Wednesday, 14 March 2012

Gardening on the Ocean Floor

With this spell of warm dry weather we've been having I am madly digging to prepare our vegetable garden. The soil here is full of degraded chalk and limestone. Mostly it's just rocks made out of little sea creatures or bits of creatures too small to identify. Every now and then though, whole chunks of fossilised coral sponge emerge from the earth.

The coral sponges in our garden are easily recognisable.
In the distant past this area was under a warm shallow ocean. It advanced and retreated several times until finally, millions of years ago, it retreated never to return and leaving us with what geologists call the Paris Basin. Some of the Paris Basin is still under water - for instance the English Channel (aka la Manche). Other parts, such as south-east England and northern and central France are now high and dry.

The soil here is chalky and the rocks limestone because of this marine legacy. The sea left behind the coral sponges in our potager and the stone our house is made from. Here in Preuilly we are about 90 m above sea level, on the southern edge of the Paris Basin. To our south and beyond the Brenne to the east the land starts to rise towards the Massif Central.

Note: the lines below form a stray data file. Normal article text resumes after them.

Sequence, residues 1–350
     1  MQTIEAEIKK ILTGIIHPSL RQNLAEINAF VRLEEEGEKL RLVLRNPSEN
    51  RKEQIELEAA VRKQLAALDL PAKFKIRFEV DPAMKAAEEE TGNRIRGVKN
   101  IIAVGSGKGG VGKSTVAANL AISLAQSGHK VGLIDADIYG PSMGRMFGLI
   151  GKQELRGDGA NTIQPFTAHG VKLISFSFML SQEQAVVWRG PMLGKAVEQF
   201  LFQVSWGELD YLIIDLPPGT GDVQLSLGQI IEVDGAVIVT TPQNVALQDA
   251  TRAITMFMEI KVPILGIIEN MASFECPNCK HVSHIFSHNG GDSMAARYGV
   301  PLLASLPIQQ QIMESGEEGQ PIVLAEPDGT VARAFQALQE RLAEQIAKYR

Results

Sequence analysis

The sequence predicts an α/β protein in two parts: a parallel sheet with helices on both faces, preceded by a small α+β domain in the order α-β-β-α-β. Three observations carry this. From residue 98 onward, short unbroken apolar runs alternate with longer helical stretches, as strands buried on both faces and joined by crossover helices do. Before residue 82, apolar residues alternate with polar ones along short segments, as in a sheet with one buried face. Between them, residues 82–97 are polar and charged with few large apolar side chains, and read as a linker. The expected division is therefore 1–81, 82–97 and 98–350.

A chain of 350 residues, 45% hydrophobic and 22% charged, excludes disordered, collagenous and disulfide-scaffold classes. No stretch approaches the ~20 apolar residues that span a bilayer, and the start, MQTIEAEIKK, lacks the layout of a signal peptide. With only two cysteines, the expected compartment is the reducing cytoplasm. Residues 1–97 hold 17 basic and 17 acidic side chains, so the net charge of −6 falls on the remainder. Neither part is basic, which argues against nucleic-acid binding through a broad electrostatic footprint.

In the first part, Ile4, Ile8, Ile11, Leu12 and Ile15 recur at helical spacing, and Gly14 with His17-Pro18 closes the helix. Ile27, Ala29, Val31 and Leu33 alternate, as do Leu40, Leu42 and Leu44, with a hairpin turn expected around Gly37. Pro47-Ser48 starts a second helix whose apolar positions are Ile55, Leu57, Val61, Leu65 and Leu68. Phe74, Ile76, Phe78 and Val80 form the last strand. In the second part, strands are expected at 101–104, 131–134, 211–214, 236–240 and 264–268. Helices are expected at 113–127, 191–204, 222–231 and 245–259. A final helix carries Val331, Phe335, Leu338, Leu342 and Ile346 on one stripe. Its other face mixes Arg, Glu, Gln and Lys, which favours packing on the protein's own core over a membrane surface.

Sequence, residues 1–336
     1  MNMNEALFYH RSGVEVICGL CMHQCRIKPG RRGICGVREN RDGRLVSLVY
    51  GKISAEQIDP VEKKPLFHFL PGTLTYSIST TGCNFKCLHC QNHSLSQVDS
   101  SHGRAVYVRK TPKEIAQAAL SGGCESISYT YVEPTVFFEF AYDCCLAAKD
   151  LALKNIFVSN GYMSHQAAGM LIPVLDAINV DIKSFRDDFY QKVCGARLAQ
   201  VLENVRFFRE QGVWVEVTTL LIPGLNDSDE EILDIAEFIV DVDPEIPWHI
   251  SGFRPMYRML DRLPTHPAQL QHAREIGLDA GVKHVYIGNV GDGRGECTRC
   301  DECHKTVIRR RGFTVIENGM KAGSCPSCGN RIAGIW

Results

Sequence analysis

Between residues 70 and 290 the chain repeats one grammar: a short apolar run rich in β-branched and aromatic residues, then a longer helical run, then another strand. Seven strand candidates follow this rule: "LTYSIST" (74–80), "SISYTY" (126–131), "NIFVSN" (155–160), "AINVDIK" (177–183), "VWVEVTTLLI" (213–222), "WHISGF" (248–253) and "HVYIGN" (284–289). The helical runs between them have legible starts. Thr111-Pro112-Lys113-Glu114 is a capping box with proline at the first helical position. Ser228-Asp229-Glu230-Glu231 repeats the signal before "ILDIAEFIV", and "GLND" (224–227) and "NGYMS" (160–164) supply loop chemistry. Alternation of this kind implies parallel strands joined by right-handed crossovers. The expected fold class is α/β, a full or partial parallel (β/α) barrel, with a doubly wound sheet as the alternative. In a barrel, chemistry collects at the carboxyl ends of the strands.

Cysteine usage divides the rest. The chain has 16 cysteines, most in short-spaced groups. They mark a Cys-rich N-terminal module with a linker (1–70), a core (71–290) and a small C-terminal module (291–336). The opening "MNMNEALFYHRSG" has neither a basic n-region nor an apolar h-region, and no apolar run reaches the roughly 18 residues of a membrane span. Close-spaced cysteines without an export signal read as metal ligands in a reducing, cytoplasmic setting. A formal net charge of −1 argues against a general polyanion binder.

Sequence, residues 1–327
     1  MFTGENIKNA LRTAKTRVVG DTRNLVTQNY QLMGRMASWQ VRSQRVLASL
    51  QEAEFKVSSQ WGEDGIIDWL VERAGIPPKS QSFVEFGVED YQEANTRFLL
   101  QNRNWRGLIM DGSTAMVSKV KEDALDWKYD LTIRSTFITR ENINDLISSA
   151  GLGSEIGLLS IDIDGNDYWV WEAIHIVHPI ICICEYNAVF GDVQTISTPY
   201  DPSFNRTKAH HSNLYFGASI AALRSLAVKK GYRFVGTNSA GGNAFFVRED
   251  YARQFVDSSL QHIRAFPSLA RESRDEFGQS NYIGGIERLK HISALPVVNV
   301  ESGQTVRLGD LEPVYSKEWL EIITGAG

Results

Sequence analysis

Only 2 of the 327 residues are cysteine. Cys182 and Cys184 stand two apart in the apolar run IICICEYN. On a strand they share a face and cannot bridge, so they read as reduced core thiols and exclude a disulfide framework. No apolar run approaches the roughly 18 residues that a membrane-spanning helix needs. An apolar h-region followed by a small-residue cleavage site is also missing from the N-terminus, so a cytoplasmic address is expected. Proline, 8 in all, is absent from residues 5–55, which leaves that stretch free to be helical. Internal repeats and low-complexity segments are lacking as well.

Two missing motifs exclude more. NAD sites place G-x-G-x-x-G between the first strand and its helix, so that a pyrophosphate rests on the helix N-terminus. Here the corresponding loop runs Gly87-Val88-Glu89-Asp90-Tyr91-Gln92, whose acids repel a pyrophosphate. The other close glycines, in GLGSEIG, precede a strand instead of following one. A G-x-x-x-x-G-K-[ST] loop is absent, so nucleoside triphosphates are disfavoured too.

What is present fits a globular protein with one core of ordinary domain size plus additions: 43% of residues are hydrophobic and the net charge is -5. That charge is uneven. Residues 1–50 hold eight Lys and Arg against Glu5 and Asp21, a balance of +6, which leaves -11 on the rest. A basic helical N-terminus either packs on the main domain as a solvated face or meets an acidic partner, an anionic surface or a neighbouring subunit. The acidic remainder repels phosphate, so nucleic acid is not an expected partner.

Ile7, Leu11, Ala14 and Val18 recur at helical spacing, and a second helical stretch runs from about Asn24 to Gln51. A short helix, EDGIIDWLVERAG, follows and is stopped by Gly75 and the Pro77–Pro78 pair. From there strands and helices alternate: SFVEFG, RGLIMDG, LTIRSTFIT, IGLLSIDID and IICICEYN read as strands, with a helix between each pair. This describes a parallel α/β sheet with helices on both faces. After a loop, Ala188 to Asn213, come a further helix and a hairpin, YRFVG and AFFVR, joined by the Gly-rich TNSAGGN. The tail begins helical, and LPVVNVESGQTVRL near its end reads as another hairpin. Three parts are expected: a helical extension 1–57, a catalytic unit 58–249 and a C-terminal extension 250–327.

Susan

5 comments:

Tim said...

Susan, I think you'll find that these are all sponges... certainly the egg-shaped one and the fish-shaped one are... I'm not sure about the tube, but I think that might be the stem of a much larger version of the egg-shaped one. Do you find the Devil's Toenails in your patch?

Given where you've chosen to photograph these, the WVs are rather apt... first one is "ffarle"... a type of soda bread.. the second is "nsardsr"... your comment on trying to eat one of these "ffarle"s.

I'll look the egg-shaped sponge up in my guide if I can find where Pauline's filed it... I haven't got my head round the biblio's layout yet... except the sci-fi/fantasy shelf unit.

Susan said...

Tim: It never occurred to me that they were fossil sponges! I've done a brief internet search and it seems sponges are much more common than coral fossils. I've never heard of the Devils Toenails and we've never found anything that looks like the pics of them on the internet. You learn something every day!

GaynorB said...

I'm fascinated by rocks and it certainly brings some much needed awe and wonder amongst my pupils when I show them something special, which might be 450 million years old!

Colin and Elizabeth said...

Those are fascinating finds.. We are always on the lookout for such 'treasures'.

Re Tim's comment.... I'm so glad I'm not the only one who files things away. In our house if it stands still it will be filed. Poor Colin daren't stand still for fear of never finding himself again!

Susan said...

Gaynor: It's always good to impress the kids.

Elizabeth: hmmm...we like the idea of filing...